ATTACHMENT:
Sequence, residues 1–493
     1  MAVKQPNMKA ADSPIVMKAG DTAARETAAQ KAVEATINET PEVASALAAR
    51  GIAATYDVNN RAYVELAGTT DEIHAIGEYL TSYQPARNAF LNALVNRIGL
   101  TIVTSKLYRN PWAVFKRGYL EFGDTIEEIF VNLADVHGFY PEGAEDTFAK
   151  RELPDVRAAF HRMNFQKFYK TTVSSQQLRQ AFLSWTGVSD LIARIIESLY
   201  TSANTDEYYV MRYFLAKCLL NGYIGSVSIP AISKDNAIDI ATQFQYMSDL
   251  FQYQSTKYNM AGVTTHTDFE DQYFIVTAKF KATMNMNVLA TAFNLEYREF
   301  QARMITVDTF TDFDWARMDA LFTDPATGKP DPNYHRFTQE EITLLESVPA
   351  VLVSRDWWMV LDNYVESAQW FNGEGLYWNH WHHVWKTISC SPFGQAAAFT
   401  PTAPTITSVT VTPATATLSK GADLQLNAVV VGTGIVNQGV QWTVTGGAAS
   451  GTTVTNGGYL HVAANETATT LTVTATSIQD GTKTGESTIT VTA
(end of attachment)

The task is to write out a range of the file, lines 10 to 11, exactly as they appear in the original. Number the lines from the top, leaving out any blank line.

   401  PTAPTITSVT VTPATATLSK GADLQLNAVV VGTGIVNQGV QWTVTGGAAS
   451  GTTVTNGGYL HVAANETATT LTVTATSIQD GTKTGESTIT VTA